Format 1: 132 x 202 cm / 52 x 79.5 in, edition of 6 + 2 AP
Format 2: 67 x 102 cm / 26.3 in x 40.2, edition of 6 + 2 AP
Hybrid photography, archival pigment print, aludibond, diasec, custom-made aluminium frame
In the not too distant future our view of the starry sky at night might well be drastically changed for ever. The American company SpaceX founded by Elon Musk plans to envelop the Earth with a global network of satellites. In the past few months the Starlink project has already put 400 new satellites into orbit and ultimately intends to have a mega-constellation of up to 42,000 satellites circling the Earth. The project aims to optimise terrestrial data traffic and bring internet connectivity to every corner of the Earth. Other companies are also planning to put satellites into low Earth orbit. Such a development would cause tremendous light pollution in the night sky. In their low orbit these highly reflective satellites are visible on the horizon to the naked eye but, more than that, they also have a massive impact on ground-based astronomical observations across the whole world. Their high level of light reflection makes the Starlink satellites so bright, especially at twilight, that they seriously interfere with the sensors of highly sensitive telescopes, severely impeding scientific observation of the universe. Some 6000 stars are visible in the unclouded sky at night yet in future at least twice as many signals may be expected from the Starlink project alone. The sky at night will be filled with man-made streaks of light and soon we will no longer be able to look up at the stars as we used to.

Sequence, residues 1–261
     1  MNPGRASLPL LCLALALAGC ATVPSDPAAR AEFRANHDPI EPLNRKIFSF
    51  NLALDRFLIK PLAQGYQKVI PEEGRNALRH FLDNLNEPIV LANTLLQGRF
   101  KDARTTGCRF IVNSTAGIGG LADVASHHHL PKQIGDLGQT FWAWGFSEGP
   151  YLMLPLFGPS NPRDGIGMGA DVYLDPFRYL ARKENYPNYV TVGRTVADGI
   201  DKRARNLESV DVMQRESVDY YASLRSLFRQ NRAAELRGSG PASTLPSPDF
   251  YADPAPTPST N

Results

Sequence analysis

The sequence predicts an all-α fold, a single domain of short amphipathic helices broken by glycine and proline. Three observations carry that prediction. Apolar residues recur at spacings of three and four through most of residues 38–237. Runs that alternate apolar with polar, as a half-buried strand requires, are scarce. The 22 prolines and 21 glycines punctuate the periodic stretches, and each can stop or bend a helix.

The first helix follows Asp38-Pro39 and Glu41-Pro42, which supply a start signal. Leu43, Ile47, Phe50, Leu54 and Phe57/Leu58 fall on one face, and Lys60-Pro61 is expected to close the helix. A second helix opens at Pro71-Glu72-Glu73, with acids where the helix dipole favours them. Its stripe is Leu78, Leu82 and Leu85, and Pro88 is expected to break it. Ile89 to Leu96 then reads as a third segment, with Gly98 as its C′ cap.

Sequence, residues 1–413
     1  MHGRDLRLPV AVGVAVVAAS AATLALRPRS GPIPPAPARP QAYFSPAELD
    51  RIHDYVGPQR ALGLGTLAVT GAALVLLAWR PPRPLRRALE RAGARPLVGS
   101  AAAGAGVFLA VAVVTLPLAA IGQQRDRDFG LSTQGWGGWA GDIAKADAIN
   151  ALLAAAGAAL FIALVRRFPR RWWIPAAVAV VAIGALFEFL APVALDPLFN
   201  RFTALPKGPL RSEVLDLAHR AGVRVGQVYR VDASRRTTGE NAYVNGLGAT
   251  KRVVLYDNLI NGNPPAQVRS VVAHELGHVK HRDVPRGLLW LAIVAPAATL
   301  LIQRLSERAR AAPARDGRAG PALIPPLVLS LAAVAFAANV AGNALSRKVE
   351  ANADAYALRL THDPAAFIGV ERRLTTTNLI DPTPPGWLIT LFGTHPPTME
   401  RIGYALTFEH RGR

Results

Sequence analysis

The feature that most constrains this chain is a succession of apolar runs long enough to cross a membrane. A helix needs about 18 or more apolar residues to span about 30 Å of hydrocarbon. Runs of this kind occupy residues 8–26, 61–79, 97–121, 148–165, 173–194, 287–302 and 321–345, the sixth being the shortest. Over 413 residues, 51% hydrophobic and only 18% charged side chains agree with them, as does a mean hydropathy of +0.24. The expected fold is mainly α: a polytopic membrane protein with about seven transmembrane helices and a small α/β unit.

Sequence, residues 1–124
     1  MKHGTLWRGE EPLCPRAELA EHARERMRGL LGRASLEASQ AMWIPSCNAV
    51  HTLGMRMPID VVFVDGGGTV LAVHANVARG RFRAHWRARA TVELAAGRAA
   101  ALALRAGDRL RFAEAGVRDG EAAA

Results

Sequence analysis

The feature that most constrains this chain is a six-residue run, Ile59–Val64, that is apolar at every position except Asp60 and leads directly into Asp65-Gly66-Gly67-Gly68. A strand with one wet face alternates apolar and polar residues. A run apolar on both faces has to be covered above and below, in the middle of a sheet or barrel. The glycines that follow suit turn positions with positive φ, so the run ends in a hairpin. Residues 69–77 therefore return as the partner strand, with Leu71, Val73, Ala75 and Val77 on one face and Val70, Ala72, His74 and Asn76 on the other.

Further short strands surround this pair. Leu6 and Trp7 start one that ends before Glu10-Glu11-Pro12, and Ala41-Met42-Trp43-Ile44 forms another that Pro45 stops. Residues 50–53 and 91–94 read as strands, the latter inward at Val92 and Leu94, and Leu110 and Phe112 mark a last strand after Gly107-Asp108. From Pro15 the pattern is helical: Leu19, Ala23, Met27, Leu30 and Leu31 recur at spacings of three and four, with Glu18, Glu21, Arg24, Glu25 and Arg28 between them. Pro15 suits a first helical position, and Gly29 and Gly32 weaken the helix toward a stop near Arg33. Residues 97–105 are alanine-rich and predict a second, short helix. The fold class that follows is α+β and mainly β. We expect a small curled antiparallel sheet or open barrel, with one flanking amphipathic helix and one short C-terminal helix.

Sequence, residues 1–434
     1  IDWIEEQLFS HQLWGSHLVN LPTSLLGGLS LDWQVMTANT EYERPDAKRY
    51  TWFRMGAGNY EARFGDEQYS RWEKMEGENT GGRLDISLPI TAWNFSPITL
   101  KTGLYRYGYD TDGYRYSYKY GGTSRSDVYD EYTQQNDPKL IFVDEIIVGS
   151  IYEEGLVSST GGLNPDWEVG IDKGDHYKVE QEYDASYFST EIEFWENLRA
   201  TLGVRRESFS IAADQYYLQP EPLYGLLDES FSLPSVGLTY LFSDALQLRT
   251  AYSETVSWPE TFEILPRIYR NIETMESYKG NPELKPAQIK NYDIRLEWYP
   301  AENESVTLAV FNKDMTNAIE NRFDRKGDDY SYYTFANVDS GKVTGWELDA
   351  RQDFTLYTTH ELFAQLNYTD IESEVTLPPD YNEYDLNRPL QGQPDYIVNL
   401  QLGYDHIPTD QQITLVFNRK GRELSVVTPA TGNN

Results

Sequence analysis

The work “starlink” visualises light pollution in our sky at night. The composition of the picture shows a hilly landscape and a starry night sky with a long flat building embedded between them serving as a connecting element. The viewer's gaze is first led into the picture over a stony hill landscape. Tracks on the left side of picture lead it to the night-time illuminated building whose horizontal length stretches across the whole picture. A slight elevation of line quickens the viewer's gaze leading it to the heaven of shinning stars crossed by multiple diagonally running trails of light. The image of the starry sky is one taken by the Victor M. Blanco Telescope in the Atacama Desert in Chile in November 2019, shortly after another batch of new Starlink satellites were put into orbit. The diagonally running tracks are caused by sunlight reflecting off the man-made celestial objects. The night-time illuminated building is one of the remotest and most enigmatic places on our planet. Entrenched in the Atacama Desert at an altitude of 2600 meters, it is home to scientists and astronomers who night after night probe deep into our universe with their battery of instruments. The artist was privileged to spend two nights in this magic place and photograph the building. There too and all over the world the research work of astronomers will now be seriously impeded. The Starlink satellite network will have a major and lasting impact on the aesthetics and purity of our sky at night as technology inscribes itself large on our starry heaven.